Bolster Access to COVID-19 Treatments and Clinical Care
Effective treatments for COVID-19 are critical to saving lives. President Biden will sign an Executive Order directing studies, including large-scale randomized trials, to identify treatments for COVID-19 and to ensure that such studies address the needs of diverse populations. The Executive Order establishes a comprehensive, integrated, equitable, and coordinated preclinical drug discovery and development program to allow therapeutics to be evaluated and developed in response to pandemic threats. The Order also outlines steps to improve clinical care, provide assistance to long-term care facilities and intermediate care facilities for people with disabilities, increase health care workforce capacity, expand access to programs designed to meet long-term health needs of patients recovering from COVID-19, and support access to safe and effective COVID-19 therapies for those without coverage.
 
Improve Data to Combat COVID-19
Metrics and metric-driven public health guidance will be essential to controlling the pandemic. President Biden’s Executive Order will enhance the United States’ collection, production, sharing, and analysis of data to support an equitable COVID-19 response and recovery. The federal government will work with state, local, Tribal and territorial governments to aggregate and analyze data to track access to vaccines and testing, reopen schools and businesses, and address disparities in COVID-19 infections and health outcomes. And, the federal government will create publicly available dashboards with national and state-by-state level information, consistent with privacy protections,  on cases, testing, vaccinations, and hospital admissions to make real-time information available to policymakers and the public.
 
MOUNT A SAFE, EFFECTIVE, COMPREHENSIVE VACCINATION CAMPAIGN
 
Take Immediate Actions to Convert Vaccines into Vaccinations
The Biden-Harris Administration will spare no effort to ensure the public can get vaccinated safely, effectively and equitably. To meet the aggressive vaccination target of 100 million shots by the end of his first 100 days in office, President Biden will take immediate action to improve the vaccination program. Yesterday, he directed FEMA to begin standing up the first federally-supported community vaccination centers, with the goal of standing up 100 centers in the next month. The Centers for Disease Control and Prevention (CDC) will also launch the federal pharmacy program — making vaccines available to communities in their local pharmacies beginning next month. And, he tasked the U.S. Public Health Services Commissioned Corps with expanding its workforce and preparing for deployment. Central to this effort will be expanded support and collaboration with state, local, Tribal and territorial governments, including the establishment of COVID Response Liaisons for each state — a model based on the response to Hurricane Sandy.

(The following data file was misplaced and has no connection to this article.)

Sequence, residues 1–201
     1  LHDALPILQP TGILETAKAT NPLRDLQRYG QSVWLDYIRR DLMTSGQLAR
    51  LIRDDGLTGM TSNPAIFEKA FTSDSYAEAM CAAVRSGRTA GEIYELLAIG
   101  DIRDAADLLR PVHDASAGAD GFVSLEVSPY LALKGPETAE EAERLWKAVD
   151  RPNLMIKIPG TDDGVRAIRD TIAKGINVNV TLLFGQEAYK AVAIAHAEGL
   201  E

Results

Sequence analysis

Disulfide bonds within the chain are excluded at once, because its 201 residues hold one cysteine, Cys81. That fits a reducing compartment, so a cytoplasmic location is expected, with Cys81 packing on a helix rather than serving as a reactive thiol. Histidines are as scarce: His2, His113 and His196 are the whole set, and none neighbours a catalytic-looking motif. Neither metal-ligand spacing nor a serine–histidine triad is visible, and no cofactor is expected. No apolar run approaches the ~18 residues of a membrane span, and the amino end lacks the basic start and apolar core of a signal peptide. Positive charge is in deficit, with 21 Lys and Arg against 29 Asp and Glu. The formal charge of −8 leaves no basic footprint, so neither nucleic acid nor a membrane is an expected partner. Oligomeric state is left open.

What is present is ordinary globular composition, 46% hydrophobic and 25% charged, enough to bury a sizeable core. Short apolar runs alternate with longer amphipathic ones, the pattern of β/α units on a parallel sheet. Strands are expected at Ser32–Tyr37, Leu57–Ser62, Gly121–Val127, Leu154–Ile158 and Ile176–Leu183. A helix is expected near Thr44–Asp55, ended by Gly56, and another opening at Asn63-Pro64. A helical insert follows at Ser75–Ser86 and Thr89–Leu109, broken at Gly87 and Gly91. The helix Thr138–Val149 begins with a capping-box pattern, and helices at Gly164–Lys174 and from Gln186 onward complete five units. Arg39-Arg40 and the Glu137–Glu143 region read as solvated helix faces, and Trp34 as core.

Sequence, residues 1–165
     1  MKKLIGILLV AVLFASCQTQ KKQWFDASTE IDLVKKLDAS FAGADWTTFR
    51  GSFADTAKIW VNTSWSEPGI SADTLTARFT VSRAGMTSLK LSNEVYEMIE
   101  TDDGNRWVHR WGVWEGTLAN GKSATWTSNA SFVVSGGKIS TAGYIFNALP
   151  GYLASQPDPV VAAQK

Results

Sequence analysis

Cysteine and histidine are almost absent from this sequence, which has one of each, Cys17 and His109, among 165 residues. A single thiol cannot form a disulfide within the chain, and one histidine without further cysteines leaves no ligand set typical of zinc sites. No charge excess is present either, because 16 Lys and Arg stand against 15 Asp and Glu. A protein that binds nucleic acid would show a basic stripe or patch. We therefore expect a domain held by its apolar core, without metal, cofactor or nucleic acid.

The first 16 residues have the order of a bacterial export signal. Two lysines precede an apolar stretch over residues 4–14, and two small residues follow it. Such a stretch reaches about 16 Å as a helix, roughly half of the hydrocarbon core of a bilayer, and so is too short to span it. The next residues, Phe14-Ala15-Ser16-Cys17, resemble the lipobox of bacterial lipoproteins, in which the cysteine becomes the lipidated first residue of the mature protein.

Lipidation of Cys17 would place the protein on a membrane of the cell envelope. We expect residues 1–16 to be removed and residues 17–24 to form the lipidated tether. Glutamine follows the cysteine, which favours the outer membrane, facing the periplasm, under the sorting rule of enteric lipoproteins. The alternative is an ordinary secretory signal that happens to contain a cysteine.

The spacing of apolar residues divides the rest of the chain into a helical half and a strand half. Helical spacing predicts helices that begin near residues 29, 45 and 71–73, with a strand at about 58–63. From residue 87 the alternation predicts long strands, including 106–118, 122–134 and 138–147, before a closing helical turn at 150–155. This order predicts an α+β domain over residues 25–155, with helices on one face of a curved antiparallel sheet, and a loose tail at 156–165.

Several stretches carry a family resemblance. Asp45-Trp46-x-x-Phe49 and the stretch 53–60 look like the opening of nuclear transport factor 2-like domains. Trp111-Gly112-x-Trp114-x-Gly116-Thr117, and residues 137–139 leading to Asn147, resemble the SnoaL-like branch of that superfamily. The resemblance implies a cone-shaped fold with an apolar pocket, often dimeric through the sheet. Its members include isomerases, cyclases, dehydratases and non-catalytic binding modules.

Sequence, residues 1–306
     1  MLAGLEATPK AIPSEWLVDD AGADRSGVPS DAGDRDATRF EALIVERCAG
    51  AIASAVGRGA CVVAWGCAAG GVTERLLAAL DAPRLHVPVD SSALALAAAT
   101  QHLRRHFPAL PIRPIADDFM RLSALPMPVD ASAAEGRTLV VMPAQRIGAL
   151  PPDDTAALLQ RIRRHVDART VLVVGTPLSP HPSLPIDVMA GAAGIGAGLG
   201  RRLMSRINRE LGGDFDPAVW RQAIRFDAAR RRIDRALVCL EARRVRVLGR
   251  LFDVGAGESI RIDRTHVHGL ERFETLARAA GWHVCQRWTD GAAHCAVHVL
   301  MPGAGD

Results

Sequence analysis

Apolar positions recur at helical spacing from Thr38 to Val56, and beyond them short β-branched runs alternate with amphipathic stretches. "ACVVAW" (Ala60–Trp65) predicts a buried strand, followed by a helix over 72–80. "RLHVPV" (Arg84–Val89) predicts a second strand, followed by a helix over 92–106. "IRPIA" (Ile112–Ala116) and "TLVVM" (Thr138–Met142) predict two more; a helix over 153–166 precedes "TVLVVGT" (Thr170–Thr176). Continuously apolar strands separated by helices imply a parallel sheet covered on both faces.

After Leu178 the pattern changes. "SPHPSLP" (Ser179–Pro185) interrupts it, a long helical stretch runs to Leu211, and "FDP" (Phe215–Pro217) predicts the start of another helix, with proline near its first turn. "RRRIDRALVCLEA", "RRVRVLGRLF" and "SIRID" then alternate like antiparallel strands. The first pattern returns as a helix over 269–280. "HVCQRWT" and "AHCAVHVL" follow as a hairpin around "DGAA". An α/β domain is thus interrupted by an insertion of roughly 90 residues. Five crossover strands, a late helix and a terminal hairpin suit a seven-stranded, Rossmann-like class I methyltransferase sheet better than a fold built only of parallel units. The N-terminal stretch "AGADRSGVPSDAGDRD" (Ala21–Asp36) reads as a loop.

SAFELY REOPEN SCHOOLS, BUSINESSES, AND TRAVEL WHILE PROTECTING OUR WORKERS
 
Direct Action to Support Students & Safely Reopen Schools
President Biden will issue an Executive Order directing the Departments of Education and Health and Human Services (HHS) to provide guidance on safe reopening and operating for schools, child care providers, and institutions of higher education. Ensuring the safety of students and educators and adherence to science will be paramount. And, the Order directs the Departments of Education and Health and Human Services to collect data around reopening and school closures so state and local officials have metrics to inform decision-making and can better understand the impact of closures on students from families with low-incomes, students of color, English-language learners, students with disabilities and others.
 
The COVID-19 Response Team will work to ensure that testing materials, support for contact tracing, and vaccinations for teachers are equitably provided to support in-person care and learning. Finally, the order encourages the Federal Communications Commission to increase connectivity options for students lacking reliable home broadband, so that they can continue to learn if their schools are operating remotely.